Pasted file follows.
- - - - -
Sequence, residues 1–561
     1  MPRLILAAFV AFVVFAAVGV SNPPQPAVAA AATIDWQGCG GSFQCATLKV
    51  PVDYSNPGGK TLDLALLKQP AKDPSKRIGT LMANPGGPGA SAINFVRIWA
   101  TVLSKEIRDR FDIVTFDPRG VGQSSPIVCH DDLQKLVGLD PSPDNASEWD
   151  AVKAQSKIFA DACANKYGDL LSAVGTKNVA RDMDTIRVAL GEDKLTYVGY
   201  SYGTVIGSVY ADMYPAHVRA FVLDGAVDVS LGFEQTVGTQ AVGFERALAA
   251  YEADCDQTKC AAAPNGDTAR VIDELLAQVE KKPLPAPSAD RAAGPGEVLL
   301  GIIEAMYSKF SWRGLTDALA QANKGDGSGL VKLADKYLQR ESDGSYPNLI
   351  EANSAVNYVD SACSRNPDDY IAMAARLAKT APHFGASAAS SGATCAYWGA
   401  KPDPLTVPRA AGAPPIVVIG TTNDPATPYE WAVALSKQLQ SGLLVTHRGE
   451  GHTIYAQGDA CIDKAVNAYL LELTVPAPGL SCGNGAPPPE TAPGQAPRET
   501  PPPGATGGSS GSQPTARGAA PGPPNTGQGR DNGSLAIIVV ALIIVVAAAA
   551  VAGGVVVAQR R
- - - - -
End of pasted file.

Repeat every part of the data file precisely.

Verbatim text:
Sequence, residues 1–561
     1  MPRLILAAFV AFVVFAAVGV SNPPQPAVAA AATIDWQGCG GSFQCATLKV
    51  PVDYSNPGGK TLDLALLKQP AKDPSKRIGT LMANPGGPGA SAINFVRIWA
   101  TVLSKEIRDR FDIVTFDPRG VGQSSPIVCH DDLQKLVGLD PSPDNASEWD
   151  AVKAQSKIFA DACANKYGDL LSAVGTKNVA RDMDTIRVAL GEDKLTYVGY
   201  SYGTVIGSVY ADMYPAHVRA FVLDGAVDVS LGFEQTVGTQ AVGFERALAA
   251  YEADCDQTKC AAAPNGDTAR VIDELLAQVE KKPLPAPSAD RAAGPGEVLL
   301  GIIEAMYSKF SWRGLTDALA QANKGDGSGL VKLADKYLQR ESDGSYPNLI
   351  EANSAVNYVD SACSRNPDDY IAMAARLAKT APHFGASAAS SGATCAYWGA
   401  KPDPLTVPRA AGAPPIVVIG TTNDPATPYE WAVALSKQLQ SGLLVTHRGE
   451  GHTIYAQGDA CIDKAVNAYL LELTVPAPGL SCGNGAPPPE TAPGQAPRET
   501  PPPGATGGSS GSQPTARGAA PGPPNTGQGR DNGSLAIIVV ALIIVVAAAA
   551  VAGGVVVAQR R